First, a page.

Sarrazin Lecturers


  1. 1977. Harold A. Copp (University of British Columbia) “Calcitonin and the regulation of internal calcium levels” Banff, Alberta.
  2. 1978. L.B. Jacques (University of Saskatchewan) “Heparin: its medical and physiological significance” Mont Ste. Marie, Québec.<
  3. 1979. F.C. (Hank) MacIntosh (McGill University) “The age of bioassay” or “My early stumbles on the trail of histamine and acetylcholine” Mount Orford, Québec.
  4. 1980. Herbert H. Jasper (McGill University, Université de Montréal) “Adventures of a neuroscientist” Banff, Alberta.
  5. 1981. Hans Selye (Université de Montréal) Award made (address to the Society not made due to illness). Ste. Adèle, Québec.
  6. 1982. A.M. Rappaport (University of Toronto) “The idea behind it all” Beaupré (Mont Sainte-Anne), Québec.
  7. 1983. Jack Kraicer (Queen’s University) “Mechanisms governing the release of growth hormone: Role of cyclic nucleotides and Ca2+” Vernon, British Columbia.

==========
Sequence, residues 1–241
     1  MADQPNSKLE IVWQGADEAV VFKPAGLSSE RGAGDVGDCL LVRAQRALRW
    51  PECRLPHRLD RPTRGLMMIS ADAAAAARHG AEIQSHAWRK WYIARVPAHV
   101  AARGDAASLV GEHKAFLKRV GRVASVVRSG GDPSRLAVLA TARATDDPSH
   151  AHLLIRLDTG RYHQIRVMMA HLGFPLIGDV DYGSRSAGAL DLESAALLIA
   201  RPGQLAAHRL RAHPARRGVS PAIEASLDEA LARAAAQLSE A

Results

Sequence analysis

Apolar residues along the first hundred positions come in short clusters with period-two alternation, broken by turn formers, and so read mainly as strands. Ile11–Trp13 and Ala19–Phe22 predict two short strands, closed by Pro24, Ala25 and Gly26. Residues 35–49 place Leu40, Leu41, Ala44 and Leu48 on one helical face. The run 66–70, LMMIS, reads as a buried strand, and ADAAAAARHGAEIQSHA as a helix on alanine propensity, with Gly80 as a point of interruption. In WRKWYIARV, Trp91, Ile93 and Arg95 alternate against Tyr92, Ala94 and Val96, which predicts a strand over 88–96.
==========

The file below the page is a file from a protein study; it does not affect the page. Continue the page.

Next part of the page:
8. 1984. Kresimir Krnjevic (McGill University) “Travels in physiology” Ste. Adèle, Québec.
  9. 1985. Hugh McLennan (University of British Columbia) “Michel Sarrazin, 1659-1734″ Mont Rolland, Québec.
  10. 1986. Keith E. Cooper (University of Calgary) “Adventures in thermoregulation” Lake Louise, Alberta.
  11. 1987. Henry Friesen (University of Manitoba) ” Reflections on a snowy evening” Ste. Adèle, Québec.
  12. 1988. Vivian C. Abrahams (Queen’s University) “Early days in the making of one physiologist”. Ste. Jovite (Mt. Tremblant), Québec.
  13. 1989. John C. Brown (University of British Columbia) “The gastrointestinal hormones motilin and GIP” Whistler, British Columbia.
  14. 1990. Fernand Labrie (Université Laval) “Peripheral tissues are important sites of sex steroid formation in the human: A new field of endocrinology which extends from gene structure to therapy that prolongs life in prostate cancer” Beaupré (Mont Sainte-Anne),.Québec.